His 200th AFL game came as 11th-placed Sydney faced 10th-placed Melbourne at the SCG in the penultimate round of 1985. And he did get a win to mark the occasion when the Swans won 24.21 (165) to 14.13 (97).

Carter, the no frills, no fuss fullback, shared the moment with a teammate who could not have been more different in his on-field persona when high-flying full forward Warwick Capper kicked a then career-best seven goals in his 29th game.

Carter later became just the 11th Swans player and the first import to reach 200 games in red and white in 1989.

Wayne Schwass acknowledges the crowd in his 250th game

2000 – A one-point thriller

AFL football was first played at what is now Marvel Stadium in 2000. The Swans played the second game under the roof in Round 1 and the 45th in Round 21, when they grabbed a heart-stopping one-point win over Richmond.

It was the 10th-placed Swans (9-11) against the 7th-placed Tigers (9-11) on a Saturday afternoon, and a double celebration for the club, with Wayne Schwass playing his 250th AFL game and Andrew Schauble his 100th.

And after leading at each change by 16 points, seven points and two points they got home on the back of a piece of Michael O’Loughlin magic.

With scores level six minutes from time, Sydney’s Robbie AhMat won a free kick for a brilliant chase-down tackle on Richmond’s Leon Cameron. He missed a 30m set shot from straight in front but the visitors led by a point.

AhMat quickly made amends 60 seconds later when he won a crucial possession at centre half forward and fed Jason Saddington by hand. He chipped the ball 35m towards O’Loughlin in a one-on-one contest with Cameron.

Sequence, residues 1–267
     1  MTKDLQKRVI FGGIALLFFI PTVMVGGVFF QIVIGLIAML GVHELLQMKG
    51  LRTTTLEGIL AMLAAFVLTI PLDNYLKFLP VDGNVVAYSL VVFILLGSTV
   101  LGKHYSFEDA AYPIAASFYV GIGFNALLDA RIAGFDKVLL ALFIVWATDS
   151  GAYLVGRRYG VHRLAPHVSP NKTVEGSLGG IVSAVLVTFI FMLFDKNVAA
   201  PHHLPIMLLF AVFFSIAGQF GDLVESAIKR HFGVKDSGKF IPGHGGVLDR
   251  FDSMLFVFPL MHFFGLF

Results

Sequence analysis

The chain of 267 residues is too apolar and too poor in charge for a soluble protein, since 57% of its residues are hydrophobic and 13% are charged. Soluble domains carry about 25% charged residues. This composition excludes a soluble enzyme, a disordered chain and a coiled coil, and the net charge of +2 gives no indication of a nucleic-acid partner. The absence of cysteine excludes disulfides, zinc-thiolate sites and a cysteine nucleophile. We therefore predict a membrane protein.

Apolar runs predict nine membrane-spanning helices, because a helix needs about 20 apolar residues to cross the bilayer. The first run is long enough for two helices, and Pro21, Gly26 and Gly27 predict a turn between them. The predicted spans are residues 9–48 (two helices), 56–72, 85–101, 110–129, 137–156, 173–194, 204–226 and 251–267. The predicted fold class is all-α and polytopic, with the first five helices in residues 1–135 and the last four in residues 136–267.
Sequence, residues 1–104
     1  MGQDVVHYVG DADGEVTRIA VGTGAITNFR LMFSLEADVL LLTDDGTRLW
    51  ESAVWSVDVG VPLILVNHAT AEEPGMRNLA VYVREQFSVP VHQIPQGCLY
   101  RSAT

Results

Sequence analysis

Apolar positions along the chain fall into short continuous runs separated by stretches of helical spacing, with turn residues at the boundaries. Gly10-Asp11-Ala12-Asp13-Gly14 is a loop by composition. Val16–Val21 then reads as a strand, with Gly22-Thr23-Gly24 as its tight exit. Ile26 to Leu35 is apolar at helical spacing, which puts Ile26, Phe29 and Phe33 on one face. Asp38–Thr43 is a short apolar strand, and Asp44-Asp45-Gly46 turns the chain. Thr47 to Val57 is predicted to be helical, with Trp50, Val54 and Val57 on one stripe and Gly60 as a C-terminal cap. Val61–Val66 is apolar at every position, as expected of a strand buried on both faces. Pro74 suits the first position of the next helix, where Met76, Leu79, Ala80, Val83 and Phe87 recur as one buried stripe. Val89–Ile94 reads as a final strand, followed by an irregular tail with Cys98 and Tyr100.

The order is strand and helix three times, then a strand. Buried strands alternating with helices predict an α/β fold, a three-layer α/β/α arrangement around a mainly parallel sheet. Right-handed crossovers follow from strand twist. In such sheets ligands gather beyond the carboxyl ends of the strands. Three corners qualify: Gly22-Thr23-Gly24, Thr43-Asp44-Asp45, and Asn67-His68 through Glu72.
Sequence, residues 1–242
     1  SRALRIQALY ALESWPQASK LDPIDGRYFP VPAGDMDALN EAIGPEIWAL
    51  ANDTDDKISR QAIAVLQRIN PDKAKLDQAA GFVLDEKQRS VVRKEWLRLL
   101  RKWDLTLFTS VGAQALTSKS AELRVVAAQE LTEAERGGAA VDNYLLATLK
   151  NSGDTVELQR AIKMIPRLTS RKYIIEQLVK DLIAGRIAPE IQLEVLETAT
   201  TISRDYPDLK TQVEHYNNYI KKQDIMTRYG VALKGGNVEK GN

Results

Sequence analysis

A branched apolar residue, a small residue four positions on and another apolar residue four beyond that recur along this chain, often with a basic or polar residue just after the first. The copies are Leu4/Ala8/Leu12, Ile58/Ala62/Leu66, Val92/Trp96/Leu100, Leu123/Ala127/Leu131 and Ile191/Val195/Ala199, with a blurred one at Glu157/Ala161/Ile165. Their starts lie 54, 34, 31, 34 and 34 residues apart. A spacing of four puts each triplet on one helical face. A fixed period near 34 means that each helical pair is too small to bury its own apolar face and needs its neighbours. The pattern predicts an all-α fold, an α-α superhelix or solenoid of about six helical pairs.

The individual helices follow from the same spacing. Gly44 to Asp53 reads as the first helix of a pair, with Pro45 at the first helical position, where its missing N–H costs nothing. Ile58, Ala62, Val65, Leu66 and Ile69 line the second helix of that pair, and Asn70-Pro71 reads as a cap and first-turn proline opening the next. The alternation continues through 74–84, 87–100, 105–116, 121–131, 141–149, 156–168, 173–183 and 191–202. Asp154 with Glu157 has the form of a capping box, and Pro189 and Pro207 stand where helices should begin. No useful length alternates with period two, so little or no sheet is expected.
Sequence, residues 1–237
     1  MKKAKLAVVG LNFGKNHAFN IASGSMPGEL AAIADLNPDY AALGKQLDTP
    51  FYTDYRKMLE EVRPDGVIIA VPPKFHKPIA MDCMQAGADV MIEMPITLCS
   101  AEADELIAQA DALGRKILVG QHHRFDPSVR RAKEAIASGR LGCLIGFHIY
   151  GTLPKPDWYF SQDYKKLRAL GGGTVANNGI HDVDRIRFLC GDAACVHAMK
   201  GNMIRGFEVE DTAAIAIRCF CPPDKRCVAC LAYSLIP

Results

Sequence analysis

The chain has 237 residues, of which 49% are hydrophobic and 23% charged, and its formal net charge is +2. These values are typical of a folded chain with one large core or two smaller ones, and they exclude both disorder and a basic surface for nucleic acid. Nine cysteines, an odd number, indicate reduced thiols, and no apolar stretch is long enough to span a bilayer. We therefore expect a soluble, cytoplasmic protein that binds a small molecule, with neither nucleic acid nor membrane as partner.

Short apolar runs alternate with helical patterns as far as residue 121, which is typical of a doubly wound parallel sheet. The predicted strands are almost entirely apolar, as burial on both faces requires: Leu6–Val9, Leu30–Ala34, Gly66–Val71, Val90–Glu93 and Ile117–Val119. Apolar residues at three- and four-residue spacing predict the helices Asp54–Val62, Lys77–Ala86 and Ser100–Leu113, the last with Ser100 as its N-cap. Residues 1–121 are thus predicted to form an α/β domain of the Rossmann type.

The veteran defender, in his 190th game, spoiled well but O’Loughlin was quick to recover. He grabbed the loose ball, and after a lightning fast balk and a step, he slotted it on his left from the edge of the goalsquare. Sydney by seven.

Richmond got the next goal when a Mark Chaffey speculator from 60m bounced through, just eluding a diving hand of Troy Luff, but saving marks from Andrew Dunkley and Greg Stafford in the closing moments sealed the Swans win 12.12 (84) to 12.11 (83).

Schauble did a sterling job in defence to pick up three Brownlow Medal votes, while Schwass topped the possession count with 31, but it was all for nothing. Both teams missed the finals.

2005 – An Important step

Season 2005 will forever be a favorite with Swans fans. It was the year they broke a 72-year premiership drought at the end of a 26-match journey that included a critical game in Round 21.

Paul Williams, in his fifth season in Sydney after 10 years at Collingwood, marked his 100th game in red and white as the fourth-placed Swans hosted fifth-placed North Melbourne at the SCG.